Your property has crucial sanitation features that help it to remain safe for you, your employees, and your loved ones. Clean running water is one of the primary sanitation aspects of your home or business and is often something we take for granted. We’ve become accustomed to turning on the tap, flushing the toilet, or throwing in a load of laundry to see that dirt, waste, and grime are easily washed away. With the flip of a switch, our world is made right again. But where does this water come from? And what happens when your septic system safety is compromised?
A Bit Of Background
The water entering your home or business generally comes from a public water supply or a private well. However, no matter how it comes in, if you have a septic system, it’s all going out the same way.
With a septic system, there is typically one main drainage pipe that empties your used water into your septic tank. Once flushed materials make it into your septic tank, they are left to separate into three layers:
- Sludge – The bottom layer of your septic tank, which is the most dense and consists of the solid portion of sewage waste.
- Scum – The top layer of your septic tank is composed of minerals that float in water, like oil, grease, fat, etc.
- Suspended Solids – This middle layer is comprised of liquids and suspended solids as the name suggests.
From there, excess liquids flow out onto your drain field. This drainage and sorting process is critical because it maintains your septic system safety by working in proper condition and ultimately, the health of your employees and loved ones. If your system is not operating properly in this way, do not hesitate to reach out to Bynum Septic for septic tank pumping, maintenance, or any other necessary services.
Avoiding Safety Hazards and Contamination
Your septic system must remain in optimal conditions to maintain its delicate balance and perform its intended function. The conditions set for, in, and around your septic system have the power to make or break the quality of your water and your degree of safety. Why is that? To answer this question you must consider that your septic system is:
- Buried underground
- Producing and accumulating gas
- Releasing water into your drain field
Each of these three factors are potential septic system hazards that need to be monitored for septic system safety. We’ll discuss each of them a bit further below.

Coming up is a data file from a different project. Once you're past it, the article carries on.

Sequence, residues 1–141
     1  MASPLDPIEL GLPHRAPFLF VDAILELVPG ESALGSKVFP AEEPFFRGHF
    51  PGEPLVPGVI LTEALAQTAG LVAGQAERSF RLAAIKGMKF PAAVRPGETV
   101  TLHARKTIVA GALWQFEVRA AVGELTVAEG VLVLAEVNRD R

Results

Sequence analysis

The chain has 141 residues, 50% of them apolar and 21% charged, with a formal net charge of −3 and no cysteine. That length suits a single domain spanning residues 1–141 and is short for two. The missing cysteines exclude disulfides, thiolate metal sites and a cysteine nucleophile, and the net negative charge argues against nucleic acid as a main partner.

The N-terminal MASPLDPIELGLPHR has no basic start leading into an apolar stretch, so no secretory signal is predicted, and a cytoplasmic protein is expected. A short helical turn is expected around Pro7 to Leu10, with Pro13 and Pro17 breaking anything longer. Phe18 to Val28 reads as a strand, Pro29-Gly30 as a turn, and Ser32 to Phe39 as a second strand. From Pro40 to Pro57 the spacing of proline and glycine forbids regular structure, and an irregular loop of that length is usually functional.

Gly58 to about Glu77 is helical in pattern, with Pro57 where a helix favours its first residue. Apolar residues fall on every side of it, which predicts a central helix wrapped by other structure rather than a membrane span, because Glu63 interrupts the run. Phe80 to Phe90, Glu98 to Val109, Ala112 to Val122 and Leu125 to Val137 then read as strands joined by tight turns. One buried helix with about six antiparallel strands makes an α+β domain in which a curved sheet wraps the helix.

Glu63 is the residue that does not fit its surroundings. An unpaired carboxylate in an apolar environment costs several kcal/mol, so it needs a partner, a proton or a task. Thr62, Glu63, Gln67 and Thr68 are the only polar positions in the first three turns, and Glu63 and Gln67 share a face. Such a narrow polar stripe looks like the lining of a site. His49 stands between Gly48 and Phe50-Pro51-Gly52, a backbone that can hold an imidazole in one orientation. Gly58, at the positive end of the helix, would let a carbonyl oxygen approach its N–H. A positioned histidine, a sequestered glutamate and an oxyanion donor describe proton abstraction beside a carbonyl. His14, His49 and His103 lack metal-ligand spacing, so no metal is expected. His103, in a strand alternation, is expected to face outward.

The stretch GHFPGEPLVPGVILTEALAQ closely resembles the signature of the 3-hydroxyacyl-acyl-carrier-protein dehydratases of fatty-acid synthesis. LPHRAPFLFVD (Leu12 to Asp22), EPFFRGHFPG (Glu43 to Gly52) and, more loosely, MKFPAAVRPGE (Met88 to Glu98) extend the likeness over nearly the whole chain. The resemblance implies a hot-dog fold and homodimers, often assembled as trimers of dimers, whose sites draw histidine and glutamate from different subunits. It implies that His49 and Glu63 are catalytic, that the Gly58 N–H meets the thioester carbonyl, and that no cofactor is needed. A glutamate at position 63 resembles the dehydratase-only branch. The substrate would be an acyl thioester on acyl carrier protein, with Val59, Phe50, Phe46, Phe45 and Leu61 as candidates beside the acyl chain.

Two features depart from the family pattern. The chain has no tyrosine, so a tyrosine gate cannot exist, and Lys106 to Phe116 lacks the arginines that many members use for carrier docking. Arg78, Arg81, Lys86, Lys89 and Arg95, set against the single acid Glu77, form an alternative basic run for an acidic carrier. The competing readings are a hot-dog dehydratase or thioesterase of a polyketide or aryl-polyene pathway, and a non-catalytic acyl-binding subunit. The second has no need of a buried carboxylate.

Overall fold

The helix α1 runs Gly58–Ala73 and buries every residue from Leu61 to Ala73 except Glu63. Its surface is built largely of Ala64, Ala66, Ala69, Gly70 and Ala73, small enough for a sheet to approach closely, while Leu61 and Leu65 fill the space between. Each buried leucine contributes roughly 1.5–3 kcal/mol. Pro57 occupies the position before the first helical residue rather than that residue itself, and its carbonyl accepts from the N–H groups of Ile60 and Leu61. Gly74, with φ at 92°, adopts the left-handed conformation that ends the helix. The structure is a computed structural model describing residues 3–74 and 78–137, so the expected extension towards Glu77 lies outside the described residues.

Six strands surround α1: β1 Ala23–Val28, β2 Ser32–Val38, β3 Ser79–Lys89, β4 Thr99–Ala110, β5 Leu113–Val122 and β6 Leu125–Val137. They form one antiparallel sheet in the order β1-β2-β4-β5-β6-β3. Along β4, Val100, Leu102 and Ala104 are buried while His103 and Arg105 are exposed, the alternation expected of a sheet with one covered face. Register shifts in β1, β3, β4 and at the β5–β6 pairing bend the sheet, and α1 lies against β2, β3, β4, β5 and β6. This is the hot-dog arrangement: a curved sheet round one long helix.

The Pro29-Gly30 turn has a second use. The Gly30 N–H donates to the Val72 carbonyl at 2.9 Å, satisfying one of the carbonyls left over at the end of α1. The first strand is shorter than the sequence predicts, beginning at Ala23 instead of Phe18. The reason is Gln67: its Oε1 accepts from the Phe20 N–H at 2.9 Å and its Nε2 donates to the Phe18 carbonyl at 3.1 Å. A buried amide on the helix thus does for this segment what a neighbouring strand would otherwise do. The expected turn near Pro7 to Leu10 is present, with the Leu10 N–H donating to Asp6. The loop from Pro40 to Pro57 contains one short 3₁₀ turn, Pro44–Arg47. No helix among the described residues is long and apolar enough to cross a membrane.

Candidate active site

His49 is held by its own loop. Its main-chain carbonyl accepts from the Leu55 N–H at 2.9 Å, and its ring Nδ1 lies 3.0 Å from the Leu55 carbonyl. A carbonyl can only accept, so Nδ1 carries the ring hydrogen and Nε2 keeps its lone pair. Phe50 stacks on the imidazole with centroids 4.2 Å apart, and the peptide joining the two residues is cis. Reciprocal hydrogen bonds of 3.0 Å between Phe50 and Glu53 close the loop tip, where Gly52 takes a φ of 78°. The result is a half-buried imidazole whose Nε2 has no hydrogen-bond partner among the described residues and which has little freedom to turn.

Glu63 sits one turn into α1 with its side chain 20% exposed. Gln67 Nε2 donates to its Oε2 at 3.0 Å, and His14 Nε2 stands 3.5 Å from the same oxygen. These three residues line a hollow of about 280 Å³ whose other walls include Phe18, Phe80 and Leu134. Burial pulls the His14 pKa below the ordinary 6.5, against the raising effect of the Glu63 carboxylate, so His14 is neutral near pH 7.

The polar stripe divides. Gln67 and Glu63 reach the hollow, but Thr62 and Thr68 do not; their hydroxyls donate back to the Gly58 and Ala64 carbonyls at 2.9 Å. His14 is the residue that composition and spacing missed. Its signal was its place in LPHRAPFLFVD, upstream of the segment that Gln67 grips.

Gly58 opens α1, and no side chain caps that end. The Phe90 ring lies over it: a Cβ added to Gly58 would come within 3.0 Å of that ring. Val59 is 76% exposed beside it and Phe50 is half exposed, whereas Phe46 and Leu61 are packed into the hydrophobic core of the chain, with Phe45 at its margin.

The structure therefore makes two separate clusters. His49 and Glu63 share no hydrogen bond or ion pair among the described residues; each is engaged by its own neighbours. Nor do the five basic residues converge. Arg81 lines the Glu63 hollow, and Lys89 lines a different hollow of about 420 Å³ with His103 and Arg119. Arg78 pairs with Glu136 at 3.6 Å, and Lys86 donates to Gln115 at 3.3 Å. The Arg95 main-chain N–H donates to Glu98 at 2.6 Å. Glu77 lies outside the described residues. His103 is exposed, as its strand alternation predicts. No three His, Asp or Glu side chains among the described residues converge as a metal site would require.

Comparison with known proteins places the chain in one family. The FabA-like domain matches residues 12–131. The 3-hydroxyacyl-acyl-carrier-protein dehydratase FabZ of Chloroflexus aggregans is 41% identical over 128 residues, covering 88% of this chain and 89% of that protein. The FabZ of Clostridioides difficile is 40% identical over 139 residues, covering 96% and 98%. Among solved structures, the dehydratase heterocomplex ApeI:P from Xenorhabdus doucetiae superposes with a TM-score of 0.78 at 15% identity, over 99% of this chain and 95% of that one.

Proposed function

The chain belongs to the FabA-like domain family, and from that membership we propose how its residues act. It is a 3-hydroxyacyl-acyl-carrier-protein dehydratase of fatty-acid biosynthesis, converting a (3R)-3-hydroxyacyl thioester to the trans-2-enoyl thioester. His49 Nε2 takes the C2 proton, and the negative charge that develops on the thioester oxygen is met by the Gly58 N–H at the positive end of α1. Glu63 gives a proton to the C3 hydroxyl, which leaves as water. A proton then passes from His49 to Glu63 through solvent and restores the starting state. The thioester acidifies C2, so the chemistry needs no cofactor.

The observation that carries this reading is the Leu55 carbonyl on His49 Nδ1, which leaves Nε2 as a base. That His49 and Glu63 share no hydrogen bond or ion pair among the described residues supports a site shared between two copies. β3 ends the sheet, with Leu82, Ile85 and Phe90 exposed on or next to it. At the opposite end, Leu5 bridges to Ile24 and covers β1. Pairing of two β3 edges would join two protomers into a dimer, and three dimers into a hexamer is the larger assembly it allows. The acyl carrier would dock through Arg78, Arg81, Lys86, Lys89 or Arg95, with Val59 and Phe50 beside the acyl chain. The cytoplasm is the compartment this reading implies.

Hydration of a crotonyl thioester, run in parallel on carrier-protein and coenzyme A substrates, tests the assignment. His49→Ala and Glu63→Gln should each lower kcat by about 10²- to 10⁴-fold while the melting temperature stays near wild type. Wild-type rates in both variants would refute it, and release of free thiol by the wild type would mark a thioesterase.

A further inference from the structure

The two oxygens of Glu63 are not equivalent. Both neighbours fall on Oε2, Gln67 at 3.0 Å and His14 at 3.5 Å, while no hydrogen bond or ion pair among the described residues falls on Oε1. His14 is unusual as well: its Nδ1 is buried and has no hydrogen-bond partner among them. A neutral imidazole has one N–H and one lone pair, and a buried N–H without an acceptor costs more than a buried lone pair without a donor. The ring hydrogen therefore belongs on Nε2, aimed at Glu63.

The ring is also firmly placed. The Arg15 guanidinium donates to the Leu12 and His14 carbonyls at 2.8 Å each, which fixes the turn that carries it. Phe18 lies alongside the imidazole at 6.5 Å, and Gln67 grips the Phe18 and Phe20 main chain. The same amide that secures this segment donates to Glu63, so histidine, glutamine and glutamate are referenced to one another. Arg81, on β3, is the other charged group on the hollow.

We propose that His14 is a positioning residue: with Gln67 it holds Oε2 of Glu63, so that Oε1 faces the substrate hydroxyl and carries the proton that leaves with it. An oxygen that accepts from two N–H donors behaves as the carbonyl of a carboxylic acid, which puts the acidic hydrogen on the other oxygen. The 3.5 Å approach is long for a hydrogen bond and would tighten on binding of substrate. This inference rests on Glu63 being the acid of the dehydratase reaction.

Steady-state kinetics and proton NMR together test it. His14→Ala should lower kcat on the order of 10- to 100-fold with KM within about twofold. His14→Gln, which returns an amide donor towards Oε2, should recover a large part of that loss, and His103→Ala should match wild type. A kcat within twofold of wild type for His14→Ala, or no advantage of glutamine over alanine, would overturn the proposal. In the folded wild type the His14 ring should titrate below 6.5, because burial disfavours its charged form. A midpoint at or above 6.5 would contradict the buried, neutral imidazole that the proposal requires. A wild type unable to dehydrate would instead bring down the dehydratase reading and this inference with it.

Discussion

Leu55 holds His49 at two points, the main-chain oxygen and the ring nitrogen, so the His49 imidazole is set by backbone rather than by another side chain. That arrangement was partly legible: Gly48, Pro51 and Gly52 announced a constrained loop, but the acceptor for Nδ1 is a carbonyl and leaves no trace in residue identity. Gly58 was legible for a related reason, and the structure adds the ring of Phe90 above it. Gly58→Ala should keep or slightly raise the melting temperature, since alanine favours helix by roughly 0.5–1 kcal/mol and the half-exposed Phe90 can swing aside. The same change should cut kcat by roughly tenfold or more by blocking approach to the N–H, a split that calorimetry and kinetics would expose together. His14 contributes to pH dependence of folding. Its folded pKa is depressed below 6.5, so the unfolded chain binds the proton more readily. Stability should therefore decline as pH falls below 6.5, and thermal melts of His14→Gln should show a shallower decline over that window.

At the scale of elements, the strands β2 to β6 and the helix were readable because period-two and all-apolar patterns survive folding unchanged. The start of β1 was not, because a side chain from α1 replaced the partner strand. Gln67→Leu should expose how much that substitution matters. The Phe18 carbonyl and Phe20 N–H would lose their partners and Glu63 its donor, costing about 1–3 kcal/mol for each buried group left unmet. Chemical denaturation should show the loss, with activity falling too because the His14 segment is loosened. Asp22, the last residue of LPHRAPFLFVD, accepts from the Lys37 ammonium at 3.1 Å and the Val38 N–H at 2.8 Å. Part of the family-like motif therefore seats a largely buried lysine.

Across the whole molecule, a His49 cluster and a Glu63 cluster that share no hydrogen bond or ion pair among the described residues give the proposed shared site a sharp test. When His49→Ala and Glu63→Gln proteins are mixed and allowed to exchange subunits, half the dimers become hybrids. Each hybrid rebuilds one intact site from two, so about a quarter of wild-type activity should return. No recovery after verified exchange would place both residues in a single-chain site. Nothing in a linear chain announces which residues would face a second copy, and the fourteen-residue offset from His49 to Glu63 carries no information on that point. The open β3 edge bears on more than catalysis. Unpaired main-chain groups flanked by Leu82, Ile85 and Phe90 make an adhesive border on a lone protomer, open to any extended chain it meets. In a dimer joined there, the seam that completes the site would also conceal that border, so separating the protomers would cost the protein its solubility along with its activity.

Your Septic System Is Buried Underground
Because your septic system is buried, it needs to be properly marked or notated so that vehicles, children at play, or heavy machinery do not disturb its resting place. Lots of weight on top of your septic system is not good for its structural integrity or stability. A disruption of its structure or placement can lead to disastrous and even hazardous outcomes like flooding or backups that can lead to waste materials rushing back into your home or business, an adjoining garden, or anything of the like.
Your Septic System Produces and Accumulates Gas
Gas? That’s right, gas! As your septic tank breaks down the organic matter inside, it produces methane gas. This gas is highly flammable and, though rare, can certainly cause an explosion if it’s not properly ventilated and released. Things like lightning strikes, underground electrical wiring, or open flames like cigarettes and matches near your septic tank pose a monumental safety risk in the presence of methane. Be sure to keep these things far far away from your septic system for optimal septic system safety. In short, to keep you safe, your septic system needs to pass gas!
Your Septic System Releases Water Into Your Drain Field
As any well-working septic system does, your septic system releases the liquid that it accumulates into your drain field. Though this is a natural part of a healthy system, it can become extremely hazardous if your drainfield is located too close to a local clean water source. Remember when we mentioned that well water is one of the sources of clean water entering your home or business? Clean water that has been contaminated by septic runoff is nothing to mess with. Not only is this hazardous, it can be lethal!
Mindfulness and Prevention Save Lives!
Mindfulness and preventative measures can be absolutely lifesaving when it comes to your septic system. It’s always a great idea to contact your trusted local septic service company to perform any necessary inspections, maintenance, or evaluations.
Your septic tank’s structural integrity may be compromised, located near electrical wiring, or situated near a major water source without you knowing. Having a professional take a closer look is always your best bet. Contact Bynum Septic for septic system safety solutions near you today!